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  • Alistair Tait

Cash must be king for Dustin Johnson

Maybe Dustin Johnson should have a wee chat with Padraig Harrington. The world number one might just change his mind about skipping the Olympic Games.

Maybe the world number one should talk to Siddikur Rahman.

Johnson has confirmed he won’t play in this year’s Olympic Games, just as he didn’t play five years ago. He joins Webb Simpson in turning his nose up at trying to win Olympic Gold, citing scheduling issues.

And so it starts. Wonder who’ll be the next big star to say no to Tokyo.

"It's right in the middle of a big stretch of golf for me,” Johnson said. “It's a long way to travel, and I think the WGC (World Golf Championship event) is the week right after it. The British is a couple weeks before.
"It's a lot of traveling at a time where it's important to feel like I'm focused playing on the PGA Tour.”

Money is obviously far more important to Dustin Johnson than an Olympic Gold medal. Maybe the reason he can’t make the trip to Tokyo is because he needs to be at home counting his huge stash of cash.

For this is the same Dustin Johnson who turned up in Saudi Arabia this year for a reported $2 million appearance fee. It was Johnson’s third time taking Saudi lucre. He’s played in all three Saudi Internationals since it began in 2019. The same Dustin Johnson began his 2019 season in the Abu Dhabi HSBC Championship, also for a seven-figure cheque.

Seems Johnson only does “a lot of travelling” when he’s guaranteed appearance money.

Players are quite entitled to pick and choose where they play and, yes, it’s a crowded schedule, but isn’t it every year? The men’s golf tournament in this year’s Games starts 11 days after the Open Championship, and 18 days before the start of the FedEx Cup playoffs. Surely Johnson isn’t saying a WGC tournament is far more important than winning an Olympic gold medal? Really? There are four WGC tournaments a year, and Johnson’s already won six in his career.

Harrington was among those players to lap up every Olympic experience possible in Rio de Janeiro. He didn’t just do the usual tour pro thing of flitting back and forth between hotel and golf course. The three-time major winner went to a different sporting every night during the golf competition. He stayed an extra week and took his family to another 10 events.

The Dubliner took his place in Rio after Rory McIlroy, Shane Lowry and Graeme McDowell turned down the chance to represent Ireland. Harrington was only too glad to partner Seamus Power. He realised it was probably his only chance to play in the Olympic Games.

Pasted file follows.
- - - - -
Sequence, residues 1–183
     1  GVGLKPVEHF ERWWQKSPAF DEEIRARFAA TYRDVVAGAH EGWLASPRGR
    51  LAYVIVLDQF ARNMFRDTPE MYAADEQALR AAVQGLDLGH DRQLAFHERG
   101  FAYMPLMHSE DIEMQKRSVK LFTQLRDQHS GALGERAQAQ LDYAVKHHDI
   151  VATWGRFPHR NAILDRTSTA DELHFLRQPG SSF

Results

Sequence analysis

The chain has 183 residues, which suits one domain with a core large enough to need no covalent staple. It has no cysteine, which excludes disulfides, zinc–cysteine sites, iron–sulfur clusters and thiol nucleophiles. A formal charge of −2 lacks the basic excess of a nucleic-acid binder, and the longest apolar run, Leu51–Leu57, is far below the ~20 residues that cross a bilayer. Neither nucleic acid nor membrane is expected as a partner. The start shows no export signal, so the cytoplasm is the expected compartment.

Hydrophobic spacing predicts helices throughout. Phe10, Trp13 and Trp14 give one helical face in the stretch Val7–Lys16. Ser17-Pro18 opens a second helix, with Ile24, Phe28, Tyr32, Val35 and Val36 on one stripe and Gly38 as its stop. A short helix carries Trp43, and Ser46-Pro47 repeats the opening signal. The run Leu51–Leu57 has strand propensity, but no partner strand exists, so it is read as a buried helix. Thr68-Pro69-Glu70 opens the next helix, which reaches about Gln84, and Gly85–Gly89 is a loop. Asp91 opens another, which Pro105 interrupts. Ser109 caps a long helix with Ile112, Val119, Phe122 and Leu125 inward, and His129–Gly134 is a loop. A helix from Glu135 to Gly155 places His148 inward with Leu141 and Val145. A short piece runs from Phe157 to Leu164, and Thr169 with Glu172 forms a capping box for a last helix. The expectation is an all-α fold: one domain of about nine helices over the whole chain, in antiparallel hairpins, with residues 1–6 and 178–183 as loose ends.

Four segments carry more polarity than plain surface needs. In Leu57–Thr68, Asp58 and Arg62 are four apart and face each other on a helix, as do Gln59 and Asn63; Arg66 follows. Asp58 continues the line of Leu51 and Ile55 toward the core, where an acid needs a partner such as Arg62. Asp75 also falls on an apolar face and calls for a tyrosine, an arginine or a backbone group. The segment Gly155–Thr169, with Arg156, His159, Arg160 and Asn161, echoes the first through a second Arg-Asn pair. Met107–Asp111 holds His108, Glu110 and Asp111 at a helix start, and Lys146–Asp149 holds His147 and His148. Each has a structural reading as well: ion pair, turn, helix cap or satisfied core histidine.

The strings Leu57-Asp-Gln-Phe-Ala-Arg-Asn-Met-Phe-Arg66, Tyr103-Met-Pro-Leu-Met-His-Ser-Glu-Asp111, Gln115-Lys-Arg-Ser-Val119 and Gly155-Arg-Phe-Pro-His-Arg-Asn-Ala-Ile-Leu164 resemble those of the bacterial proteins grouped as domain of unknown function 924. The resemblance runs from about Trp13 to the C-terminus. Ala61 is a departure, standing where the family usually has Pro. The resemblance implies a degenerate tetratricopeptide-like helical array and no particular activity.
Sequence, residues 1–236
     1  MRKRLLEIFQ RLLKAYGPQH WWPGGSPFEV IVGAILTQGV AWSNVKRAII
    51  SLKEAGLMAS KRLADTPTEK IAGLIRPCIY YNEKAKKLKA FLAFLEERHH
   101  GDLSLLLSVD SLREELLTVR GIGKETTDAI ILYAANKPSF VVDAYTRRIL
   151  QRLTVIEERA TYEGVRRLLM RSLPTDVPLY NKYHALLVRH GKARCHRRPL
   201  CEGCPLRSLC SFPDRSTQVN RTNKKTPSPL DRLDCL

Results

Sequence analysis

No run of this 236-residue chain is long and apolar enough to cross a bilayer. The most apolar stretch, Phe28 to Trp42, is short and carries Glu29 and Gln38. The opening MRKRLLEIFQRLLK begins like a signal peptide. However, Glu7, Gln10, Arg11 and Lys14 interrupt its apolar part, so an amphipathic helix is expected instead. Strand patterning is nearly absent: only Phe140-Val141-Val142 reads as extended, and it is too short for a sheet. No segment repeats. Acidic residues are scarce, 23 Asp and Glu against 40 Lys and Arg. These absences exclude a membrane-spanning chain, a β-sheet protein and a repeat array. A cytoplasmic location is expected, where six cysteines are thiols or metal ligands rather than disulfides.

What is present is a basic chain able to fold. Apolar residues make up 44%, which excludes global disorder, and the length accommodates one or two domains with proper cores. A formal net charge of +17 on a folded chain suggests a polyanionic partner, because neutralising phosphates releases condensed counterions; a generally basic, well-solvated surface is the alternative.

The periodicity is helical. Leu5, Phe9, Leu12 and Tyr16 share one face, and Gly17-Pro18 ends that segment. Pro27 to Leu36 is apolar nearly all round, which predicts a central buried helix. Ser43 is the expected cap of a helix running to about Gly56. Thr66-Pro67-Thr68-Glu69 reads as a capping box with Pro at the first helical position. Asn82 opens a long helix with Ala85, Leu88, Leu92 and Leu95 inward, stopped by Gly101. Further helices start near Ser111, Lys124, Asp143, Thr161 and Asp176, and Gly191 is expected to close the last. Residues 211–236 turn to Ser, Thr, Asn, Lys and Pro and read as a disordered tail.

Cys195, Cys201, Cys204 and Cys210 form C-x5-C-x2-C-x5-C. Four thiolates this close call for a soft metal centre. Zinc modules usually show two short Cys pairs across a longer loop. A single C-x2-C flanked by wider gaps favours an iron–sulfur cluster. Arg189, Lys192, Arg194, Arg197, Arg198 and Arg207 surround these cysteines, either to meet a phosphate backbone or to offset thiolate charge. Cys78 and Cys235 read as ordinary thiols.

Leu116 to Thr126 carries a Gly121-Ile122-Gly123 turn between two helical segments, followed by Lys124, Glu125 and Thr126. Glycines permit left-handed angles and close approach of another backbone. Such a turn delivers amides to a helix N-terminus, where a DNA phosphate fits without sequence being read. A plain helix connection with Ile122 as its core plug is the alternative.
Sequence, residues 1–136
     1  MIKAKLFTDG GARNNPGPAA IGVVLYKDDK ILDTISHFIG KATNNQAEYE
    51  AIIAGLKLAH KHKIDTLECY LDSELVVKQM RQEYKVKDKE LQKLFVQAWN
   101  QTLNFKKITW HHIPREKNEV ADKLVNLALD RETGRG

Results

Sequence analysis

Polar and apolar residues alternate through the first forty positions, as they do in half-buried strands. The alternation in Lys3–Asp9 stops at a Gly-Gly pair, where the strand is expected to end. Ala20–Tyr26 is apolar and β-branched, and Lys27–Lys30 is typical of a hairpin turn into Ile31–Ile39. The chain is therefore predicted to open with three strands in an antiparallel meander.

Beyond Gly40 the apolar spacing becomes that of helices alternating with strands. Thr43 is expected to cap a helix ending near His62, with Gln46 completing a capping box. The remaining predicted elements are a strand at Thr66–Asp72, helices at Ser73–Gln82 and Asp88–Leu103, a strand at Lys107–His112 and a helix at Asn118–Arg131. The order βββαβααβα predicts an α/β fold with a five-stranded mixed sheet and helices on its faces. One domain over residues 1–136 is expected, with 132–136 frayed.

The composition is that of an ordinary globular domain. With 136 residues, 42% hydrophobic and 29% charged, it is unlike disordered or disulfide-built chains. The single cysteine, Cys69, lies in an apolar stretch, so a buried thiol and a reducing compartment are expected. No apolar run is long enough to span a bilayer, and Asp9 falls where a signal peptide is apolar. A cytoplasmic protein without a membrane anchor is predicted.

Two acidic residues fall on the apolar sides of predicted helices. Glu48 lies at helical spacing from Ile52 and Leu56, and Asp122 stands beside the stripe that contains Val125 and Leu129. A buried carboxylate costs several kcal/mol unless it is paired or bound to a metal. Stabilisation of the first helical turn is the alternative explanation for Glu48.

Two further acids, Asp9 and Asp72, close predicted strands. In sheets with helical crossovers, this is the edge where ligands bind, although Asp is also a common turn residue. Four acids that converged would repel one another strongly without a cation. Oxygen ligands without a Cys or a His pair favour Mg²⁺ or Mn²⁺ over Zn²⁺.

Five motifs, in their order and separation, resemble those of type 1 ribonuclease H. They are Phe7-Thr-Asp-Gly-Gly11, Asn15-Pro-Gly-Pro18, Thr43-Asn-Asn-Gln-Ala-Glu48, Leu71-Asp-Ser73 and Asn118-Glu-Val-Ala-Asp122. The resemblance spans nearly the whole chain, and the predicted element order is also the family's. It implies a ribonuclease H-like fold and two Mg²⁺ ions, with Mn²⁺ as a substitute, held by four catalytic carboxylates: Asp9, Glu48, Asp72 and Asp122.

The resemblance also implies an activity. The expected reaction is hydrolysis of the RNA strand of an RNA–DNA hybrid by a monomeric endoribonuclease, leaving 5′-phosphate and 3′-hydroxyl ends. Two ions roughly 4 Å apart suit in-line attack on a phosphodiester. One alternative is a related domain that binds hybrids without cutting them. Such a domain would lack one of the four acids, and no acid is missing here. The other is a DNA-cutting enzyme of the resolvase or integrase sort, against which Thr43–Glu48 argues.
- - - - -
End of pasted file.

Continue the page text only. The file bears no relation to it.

“You just don’t where you are going to be in four years’ time or eight years’ time, or whether golf will be in the Olympics in eight years’ time. So this is maybe a once in a lifetime opportunity for a lot of people.”

And Rahman? The 31-year-old Bangladeshi was a rags to riches story compared to the other stars he played alongside in Brazil. His life began in a poor neighbourhood of the Bangladeshi capital Dhaka. He began his working life as a caddie, earning 12 cents a round. Yet he turned up in Rio even though there was no prize money.

“Golf in Bangladesh was only for rich people. I wanted to play but couldn’t afford clubs,” he said. “So I bought this old 7-iron head for about 50 cents. I got a metal pole. I took them to a welding shop and made my club. I used it for everything – long shots, chipping, pitching, putting, bunkers, high shots, low shots. It taught me to be creative.”

Like Harrington, Rahman happily grasped his one in a life time opportunity with both hands. No wonder he was bursting with pride in Rio.

“I still remember those old days as a caddie,” he admitted. “Every time I have success, I look back to those days and think how lucky I am.
“I feel proud that one day I didn’t even have a golf club, then just one old one and now I make history by being the first Bangladeshi to qualify for the Olympics.”

Still, I’m sure Johnson will have a fantastic experience in Memphis, Tennessee, for the WGC–FedEx St Jude Invitational. He has $1.82 million reasons to turn up there. That’s the first-place cheque. He clearly needs the money more than a silly gold medal.

#JustSaying: “This is an awfully big deal. Everybody here is loving it. This is an experience that will never be able to be taken away from us, a fantastic experience.” Padraig Harrington on the 2016 Olympics


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